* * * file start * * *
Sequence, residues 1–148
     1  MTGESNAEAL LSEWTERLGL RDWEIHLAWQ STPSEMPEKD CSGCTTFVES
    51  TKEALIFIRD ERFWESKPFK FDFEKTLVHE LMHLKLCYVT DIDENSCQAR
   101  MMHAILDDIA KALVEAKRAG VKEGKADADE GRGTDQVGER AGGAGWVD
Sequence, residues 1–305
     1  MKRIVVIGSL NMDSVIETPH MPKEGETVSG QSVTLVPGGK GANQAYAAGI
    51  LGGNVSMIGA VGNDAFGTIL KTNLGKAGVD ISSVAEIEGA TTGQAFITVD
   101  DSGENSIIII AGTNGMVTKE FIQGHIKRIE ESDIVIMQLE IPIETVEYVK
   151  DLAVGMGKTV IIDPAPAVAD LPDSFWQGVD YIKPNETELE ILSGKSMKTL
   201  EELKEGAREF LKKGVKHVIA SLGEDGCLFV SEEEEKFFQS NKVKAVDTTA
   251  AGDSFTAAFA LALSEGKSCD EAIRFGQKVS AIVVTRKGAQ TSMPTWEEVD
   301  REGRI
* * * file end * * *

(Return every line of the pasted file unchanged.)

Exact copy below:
Sequence, residues 1–148
     1  MTGESNAEAL LSEWTERLGL RDWEIHLAWQ STPSEMPEKD CSGCTTFVES
    51  TKEALIFIRD ERFWESKPFK FDFEKTLVHE LMHLKLCYVT DIDENSCQAR
   101  MMHAILDDIA KALVEAKRAG VKEGKADADE GRGTDQVGER AGGAGWVD
Sequence, residues 1–305
     1  MKRIVVIGSL NMDSVIETPH MPKEGETVSG QSVTLVPGGK GANQAYAAGI
    51  LGGNVSMIGA VGNDAFGTIL KTNLGKAGVD ISSVAEIEGA TTGQAFITVD
   101  DSGENSIIII AGTNGMVTKE FIQGHIKRIE ESDIVIMQLE IPIETVEYVK
   151  DLAVGMGKTV IIDPAPAVAD LPDSFWQGVD YIKPNETELE ILSGKSMKTL
   201  EELKEGAREF LKKGVKHVIA SLGEDGCLFV SEEEEKFFQS NKVKAVDTTA
   251  AGDSFTAAFA LALSEGKSCD EAIRFGQKVS AIVVTRKGAQ TSMPTWEEVD
   301  REGRI